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Top 10 Free days out with the kids



Montgomeryshire Canal

The Montgomery Canal, also known as ‘The Monty’ runs from Llangollen to Newtown in Mid Wales.

Parts of the canal would be well suited to a day’s sightseeing with the family, taking in all the sights and sounds of the surrounding towns.  

The stretch running through Welshpool and its environs is a particularly interesting place to visit and would be a wonderful section to explore with the children.  The canal towpath (which is also the Severn Way footpath) goes directly into the centre of Welshpool and the town lock.  Here you’ll find the Powysland Museum which children can visit for free.  (There is a charge of £1 per adult.)  Close by you’ll find the wharf, perhaps a few boats passing by and almost certainly lots of ducks who will be happy to help you eat your sandwiches!

Close by, and available via a circular walk from the Montgomery Canal, you can visit the National Trust owned Powis Castle, continuing to Belan Locks before finishing your route.  Children will have fun spotting deer at the castle’s deer park, and you can always stop off for a rewarding ice cream or cream tea when you make it back to the town. 


Radnor Forest


In Medieval times the word ‘forest’ meant ‘hunting ground’.  Radnor Forest was so called as it was once an unenclosed area for hunting deer.  Long ago, this part of Mid Wales was used as a royal hunting ground.  Now though, it lives up to our understanding of a forest, and is largely covered in rich, diverse and beautiful woodland with plenty to explore and plenty of fun to be had.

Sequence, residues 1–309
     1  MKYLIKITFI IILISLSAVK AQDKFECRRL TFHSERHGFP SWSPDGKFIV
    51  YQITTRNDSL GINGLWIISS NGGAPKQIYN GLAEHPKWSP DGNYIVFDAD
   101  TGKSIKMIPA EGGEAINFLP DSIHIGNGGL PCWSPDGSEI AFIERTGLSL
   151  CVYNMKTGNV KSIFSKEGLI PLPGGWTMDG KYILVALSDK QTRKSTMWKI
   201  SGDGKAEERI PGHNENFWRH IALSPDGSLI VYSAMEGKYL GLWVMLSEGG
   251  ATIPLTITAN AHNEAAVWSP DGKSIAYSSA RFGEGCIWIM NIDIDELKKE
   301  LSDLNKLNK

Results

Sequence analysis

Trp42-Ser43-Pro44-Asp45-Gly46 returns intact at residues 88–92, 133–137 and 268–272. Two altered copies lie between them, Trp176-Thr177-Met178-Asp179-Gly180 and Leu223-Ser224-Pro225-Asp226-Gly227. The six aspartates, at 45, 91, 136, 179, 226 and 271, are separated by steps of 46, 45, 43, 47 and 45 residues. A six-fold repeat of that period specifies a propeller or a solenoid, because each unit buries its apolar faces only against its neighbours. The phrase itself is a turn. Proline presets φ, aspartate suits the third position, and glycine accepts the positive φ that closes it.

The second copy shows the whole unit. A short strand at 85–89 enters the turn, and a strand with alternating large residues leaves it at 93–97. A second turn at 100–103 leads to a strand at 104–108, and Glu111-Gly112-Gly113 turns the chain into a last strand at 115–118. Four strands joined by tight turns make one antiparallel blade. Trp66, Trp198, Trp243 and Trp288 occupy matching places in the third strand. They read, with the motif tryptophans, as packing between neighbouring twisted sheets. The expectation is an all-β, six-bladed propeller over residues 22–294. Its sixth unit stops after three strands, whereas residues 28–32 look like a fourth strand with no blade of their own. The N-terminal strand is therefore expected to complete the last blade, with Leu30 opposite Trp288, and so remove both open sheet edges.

The wooded part of the forest is now looked after by Natural Resources Wales (formerly the Forestry Commission Wales) and is available to enjoy on foot, horseback or mountain bike.  Some parts are trickier to navigate than others, while other parts can be enjoyed with children and families.

There is plenty to occupy the smaller adventurers in your party who will almost certainly enjoy letting off some steam and letting their imaginations run riot in this ancient woodland.

According to local legend Radnor Forest is home to the last dragon in Wales who sleeps undisturbed in the forest.  A ring of churches built around the forest, each dedicated to St Michael, the angel who defeated the dragon, are said to contain the sleeping dragon. Local folklore suggests that should any of the four churches be destroyed the dragon would be woken!  So you had better be careful and make sure that you are extra quiet so you don’t disturb the dragon.  Listen hard and you might hear him snoring!

A number of interlinking walks and numerous trails take you through the forest, giving you the opportunity to explore its valley bottoms, open plateaus, impressive trees and wildlife.  This enchanting forest is also home to the beautiful ‘Water breaks its neck’ waterfall which is very much worth a visit.

Keep your small nature detectives ready and alert to spot all the interesting wildlife that live here. You might even stumble upon a roe deer who enjoy the forest’s quiet hideaways.  Buzzards and goshawks take full advantage of the steep valley sides, while the crossbill and siskin also thrive in the woods.